The clenched dread that filled the air of my home stayed in me for decades, sometimes dormant but ever ready to wake. It kept me afraid of reaching, of touching, of risking honest emotion. It led to poetry of labyrinthine obscurity, daring the reader—the poet’s ultimate parental authority—to understand it. It could not be understood, in fact, because it revealed so little of its maker. I wasn’t alone in this situation by any means: The Modern Literature I was now learning to revere—Faulkner, Eliot, Joyce—blew smoke in the face of the reader’s innocent longing to “get it.” Soon I would come to know music and painting of the same unacknowledged hostility. What did the tone row say but Fuck You? I would in time be a protégé of Leonard Bernstein, whose music, because popular and accessible and even beautiful, I was taught to deem cheap and vulgar. I did not have the courage, or let’s say the knowledge, to dream of beauty as a physical entity, a substantial being, a thing that I could touch and could feel. Fear lay coiled in my heart like a snake in the cold, waiting for sunlight, not knowing, in its darkness, even that it was capable of striking, and also of crawling out of itself soft and transformed and vulnerable. I did not know that the opposite of fear is love.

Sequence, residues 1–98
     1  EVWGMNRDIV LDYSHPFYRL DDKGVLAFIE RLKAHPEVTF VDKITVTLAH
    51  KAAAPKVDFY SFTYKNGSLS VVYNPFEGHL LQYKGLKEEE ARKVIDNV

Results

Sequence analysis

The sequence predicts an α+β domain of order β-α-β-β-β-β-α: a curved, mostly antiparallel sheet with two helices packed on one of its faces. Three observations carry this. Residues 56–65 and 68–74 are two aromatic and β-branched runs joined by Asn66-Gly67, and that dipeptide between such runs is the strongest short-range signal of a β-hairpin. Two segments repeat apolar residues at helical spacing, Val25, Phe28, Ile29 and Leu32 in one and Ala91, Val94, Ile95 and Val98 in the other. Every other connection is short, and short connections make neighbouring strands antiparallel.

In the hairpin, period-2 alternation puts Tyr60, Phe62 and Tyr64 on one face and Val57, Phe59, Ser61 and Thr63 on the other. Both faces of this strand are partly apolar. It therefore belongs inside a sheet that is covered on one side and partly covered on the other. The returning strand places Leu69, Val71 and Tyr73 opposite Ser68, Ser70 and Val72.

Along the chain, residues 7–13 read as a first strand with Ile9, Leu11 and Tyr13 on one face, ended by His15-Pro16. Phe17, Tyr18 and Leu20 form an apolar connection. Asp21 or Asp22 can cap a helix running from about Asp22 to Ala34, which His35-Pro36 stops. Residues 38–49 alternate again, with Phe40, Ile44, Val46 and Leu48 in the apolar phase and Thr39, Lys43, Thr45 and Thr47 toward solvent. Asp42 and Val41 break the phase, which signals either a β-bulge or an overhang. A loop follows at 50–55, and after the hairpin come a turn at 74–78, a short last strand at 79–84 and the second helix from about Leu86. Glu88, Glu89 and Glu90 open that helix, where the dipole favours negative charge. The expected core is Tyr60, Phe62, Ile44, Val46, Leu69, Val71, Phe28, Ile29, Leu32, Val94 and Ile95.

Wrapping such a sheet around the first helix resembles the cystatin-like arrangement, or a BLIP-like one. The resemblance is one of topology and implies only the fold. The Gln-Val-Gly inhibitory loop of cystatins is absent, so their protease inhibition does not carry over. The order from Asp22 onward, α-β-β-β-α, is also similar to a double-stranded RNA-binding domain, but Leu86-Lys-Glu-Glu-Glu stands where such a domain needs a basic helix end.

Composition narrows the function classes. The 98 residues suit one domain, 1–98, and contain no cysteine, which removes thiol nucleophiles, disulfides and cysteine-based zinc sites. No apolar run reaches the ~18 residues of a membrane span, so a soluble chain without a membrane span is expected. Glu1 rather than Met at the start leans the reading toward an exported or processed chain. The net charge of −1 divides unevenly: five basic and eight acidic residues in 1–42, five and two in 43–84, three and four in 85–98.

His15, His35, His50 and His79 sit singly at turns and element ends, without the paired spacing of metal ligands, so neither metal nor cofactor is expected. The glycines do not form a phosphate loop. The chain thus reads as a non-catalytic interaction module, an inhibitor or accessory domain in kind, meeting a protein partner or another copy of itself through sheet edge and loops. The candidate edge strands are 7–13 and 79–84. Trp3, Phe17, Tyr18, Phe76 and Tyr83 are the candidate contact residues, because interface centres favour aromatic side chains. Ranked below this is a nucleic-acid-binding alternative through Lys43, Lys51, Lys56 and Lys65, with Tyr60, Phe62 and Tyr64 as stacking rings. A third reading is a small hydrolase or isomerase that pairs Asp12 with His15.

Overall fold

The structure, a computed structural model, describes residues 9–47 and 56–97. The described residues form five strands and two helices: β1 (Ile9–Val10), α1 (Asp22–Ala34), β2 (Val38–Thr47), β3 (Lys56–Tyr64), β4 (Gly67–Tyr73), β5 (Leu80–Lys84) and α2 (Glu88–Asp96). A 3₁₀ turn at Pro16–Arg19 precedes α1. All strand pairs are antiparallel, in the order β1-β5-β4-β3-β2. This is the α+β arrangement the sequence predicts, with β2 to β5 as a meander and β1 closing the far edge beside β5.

And then, in July of 1966, a couple of my buddies from Knoxville—fellow veterans of that fateful convention—were coming for a visit, and I needed dates for them, and because they would be visiting probably only this once, it would be okay to ask out on their behalf a girl already going steady with one of my old neighborhood pals. I tried a couple of new possibilities for myself, struck out, and ended up stuck with my sweet New Jersey ex-girlfriend, by whom I now fancied myself bored stiff. So at the last second I made a switch: The Knoxville guy could go out with her, she was fine for him, and I could indulge my curiosity about Louise Rossett (pronounced “rosette”), whom I had more or less known since I was seven and she was five but who seemed always, though charming, rather remote.

When I showed up at her door and announced myself and not the Knoxville guy as her date, her face clouded, for to continue with me would be to violate the terms of going steady with my old friend. In the end, because we were really just a big group, not a group of couples, she thought it would be all right. Proximity crawled out of itself to emerge as intimacy, and intimacy metamorphosed in an hour into rapture. This was love, oh, love, oh, yes, and would be forever.

For our first real date, the evening of Monday, July 18, 1966, I asked Louise to join me at a Congressional campaign rally that I had to cover for the Whitehaven Press. The candidate was one Ray Blanton, an achingly bad speaker who, years later, would be a convicted felon. It was a notably poor choice of venue, but I was in a hurry. Afterwards I took her to Leonard’s Barbecue, and, on her front porch one minute before Whitehaven’s universally acknowledged deadline for girls to be home, I kissed her. She kissed me back, softly, seriously.